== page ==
116 3rd St SE
Cedar Rapids, Iowa 52401
CEDAR RAPIDS — When prominent animal behavior scientist and autism advocate Temple Grandin stands before a Coe College crowd today evening, she plans to pose a question meant to inspire individual, community and national reflection — and incite change.
“What would have happened to Einstein in today’s educational system, since he had no speech until he was 3?” Grandin told The Gazette on Wednesday.
“I’m afraid he would have been put in an autism class and maybe become addicted to video games. That’s what I’m afraid would happen to him today.”
Grandin, 74, was diagnosed with autism at age 5 or 6. She didn’t talk for years, having originally been checked for deafness and thought to have brain damage.
Despite her challenges and social anxieties — she was often teased and bullied for being “weird” — Grandin went on to a successful decadeslong career studying animal behavior at Colorado State University.
She’s also considered a trailblazer in autism advocacy, writing books and speaking nationally in hopes of de-stigmatizing the diagnoses and recalibrating societal thinking about the autism label.
“One of the things that I think is good is a lot of entertainers are coming out as being on the spectrum,” she said, noting Elon Musk recently revealed he has Asperger’s syndrome. “There's a lot of famous people that are probably on the spectrum.”
Grandin’s autism advocacy has become more relevant as autism diagnoses increase in the United States. But she suspects that’s due to awareness, and not increased prevalence, as more and more adults are receiving the diagnoses.
And while an autism diagnoses at a young age — in today’s society — can be a hindrance, pushing a child into a class that potentially holds them back, it can be a comfort for adults.
“With people that get diagnosed later in life, it can be really helpful,” Grandin said, noting they finally understand why relationships have been a struggle, for example. “That's very, very helpful.”
So while she supports autism diagnosis and assessment, she also wants society to think differently about what it means — starting with the reality that different minds have different skills, and the world needs all of them.
“The main thing I’m going to talk about is the different ways that people think,” she said. “I am a visual. I think completely in pictures.”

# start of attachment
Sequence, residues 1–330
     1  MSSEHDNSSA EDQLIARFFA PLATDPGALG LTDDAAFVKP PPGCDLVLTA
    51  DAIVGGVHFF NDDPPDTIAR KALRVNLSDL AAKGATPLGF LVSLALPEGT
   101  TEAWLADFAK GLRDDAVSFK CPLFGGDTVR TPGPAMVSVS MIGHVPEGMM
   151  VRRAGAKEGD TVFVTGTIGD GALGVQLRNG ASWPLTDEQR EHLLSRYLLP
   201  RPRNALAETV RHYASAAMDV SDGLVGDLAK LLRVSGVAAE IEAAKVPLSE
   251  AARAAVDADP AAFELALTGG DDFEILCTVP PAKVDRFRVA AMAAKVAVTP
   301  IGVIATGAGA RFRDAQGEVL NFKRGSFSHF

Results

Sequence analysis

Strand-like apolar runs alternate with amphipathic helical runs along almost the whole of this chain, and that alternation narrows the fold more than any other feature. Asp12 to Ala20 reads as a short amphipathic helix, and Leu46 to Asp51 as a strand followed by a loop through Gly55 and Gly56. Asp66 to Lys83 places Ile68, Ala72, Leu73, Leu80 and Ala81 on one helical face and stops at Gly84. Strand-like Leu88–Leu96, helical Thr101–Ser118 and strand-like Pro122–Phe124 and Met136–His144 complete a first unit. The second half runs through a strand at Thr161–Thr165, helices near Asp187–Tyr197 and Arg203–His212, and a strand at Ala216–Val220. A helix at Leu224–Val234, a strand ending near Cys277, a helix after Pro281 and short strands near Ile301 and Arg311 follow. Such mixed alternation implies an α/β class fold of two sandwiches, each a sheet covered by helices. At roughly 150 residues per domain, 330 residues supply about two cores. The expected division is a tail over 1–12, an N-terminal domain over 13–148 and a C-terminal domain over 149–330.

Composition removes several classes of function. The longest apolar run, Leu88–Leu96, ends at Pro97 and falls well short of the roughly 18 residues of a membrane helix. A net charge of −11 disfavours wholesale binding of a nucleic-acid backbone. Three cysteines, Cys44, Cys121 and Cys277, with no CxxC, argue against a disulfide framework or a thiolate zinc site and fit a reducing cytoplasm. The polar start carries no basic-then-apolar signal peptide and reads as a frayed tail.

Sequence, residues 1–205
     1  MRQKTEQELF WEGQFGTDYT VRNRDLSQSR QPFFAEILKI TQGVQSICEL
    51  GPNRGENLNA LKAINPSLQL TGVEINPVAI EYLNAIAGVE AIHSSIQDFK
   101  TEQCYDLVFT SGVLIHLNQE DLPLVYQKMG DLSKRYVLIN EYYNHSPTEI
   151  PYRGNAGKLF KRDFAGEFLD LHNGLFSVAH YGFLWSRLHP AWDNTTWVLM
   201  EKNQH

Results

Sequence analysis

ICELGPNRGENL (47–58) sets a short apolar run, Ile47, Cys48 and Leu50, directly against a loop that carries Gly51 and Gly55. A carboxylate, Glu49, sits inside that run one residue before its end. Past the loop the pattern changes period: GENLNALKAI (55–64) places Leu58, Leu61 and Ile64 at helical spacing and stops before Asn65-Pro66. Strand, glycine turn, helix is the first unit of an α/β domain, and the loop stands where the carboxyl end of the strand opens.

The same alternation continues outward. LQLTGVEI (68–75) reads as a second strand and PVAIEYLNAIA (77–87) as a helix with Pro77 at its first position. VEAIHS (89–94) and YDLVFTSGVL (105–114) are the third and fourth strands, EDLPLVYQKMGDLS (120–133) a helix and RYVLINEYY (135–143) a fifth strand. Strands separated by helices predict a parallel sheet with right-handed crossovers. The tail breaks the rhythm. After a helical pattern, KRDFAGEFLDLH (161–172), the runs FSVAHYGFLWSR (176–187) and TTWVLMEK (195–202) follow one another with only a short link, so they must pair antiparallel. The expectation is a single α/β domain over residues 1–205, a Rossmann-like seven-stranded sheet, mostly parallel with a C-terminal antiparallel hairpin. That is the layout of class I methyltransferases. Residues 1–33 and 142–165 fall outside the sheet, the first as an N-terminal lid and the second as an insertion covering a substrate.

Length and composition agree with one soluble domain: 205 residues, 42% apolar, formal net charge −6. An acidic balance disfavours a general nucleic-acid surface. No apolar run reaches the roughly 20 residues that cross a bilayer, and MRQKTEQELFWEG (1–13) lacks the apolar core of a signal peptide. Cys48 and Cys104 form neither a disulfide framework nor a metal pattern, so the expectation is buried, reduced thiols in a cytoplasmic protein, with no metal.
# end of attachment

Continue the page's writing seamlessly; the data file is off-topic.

Others think mathematically. And still others think in words, or a combination.
“And you need to have all different kinds of thinkers,” she said.
That message is important not just for people with autism or for allies or family members of individuals with autism, said Bob Benson, assistant director of admissions at Coe and a former member of The Marquis Series sponsoring the lecture.
Grandin’s advocacy and revelations aiming to breakdown stigmas and stereotypes are relevant for everyone, he said.
“I think now, more than ever, we really do need that,” said Benson, who suggested Grandin’s visit a year after his young son was diagnosed with autism.
“The more that we can change things on the local level, and start small, that type of idea will spread and hopefully it can eventually change the world in a positive way,” he said.
While Grandin is at Coe, she plans to visit Professor Randy Christensen’s first-year seminar on “reading the human brain.” As part of his curriculum, the class is reading Grandin’s work.
“The overarching theme of the class is to help students understand their own biases, biology and thought processes, and allow them to gain the mental skills and habits to become successful college students and conscientious global citizens,” Christensen told The Gazette.
“One of the benefits of attending a small private college like Coe in a small city like Cedar Rapids is the chance for one-on-one interactions with your professors, guests (like Dr. Grandin), and the community,” he said, adding one of his students is volunteering at Balance Autism in Cedar Rapids.
“Dr. Grandin's visit is only going to strengthen those types of community connections and enrich our students' college experience as she answers their individual questions in a small classroom setting.”
What: Temple Grandin speaking on autism
When: 7 to 9 p.m. today, Sept. 23
Where: Sinclair Auditorium at Coe College
Vanessa Miller covers higher education for The Gazette.
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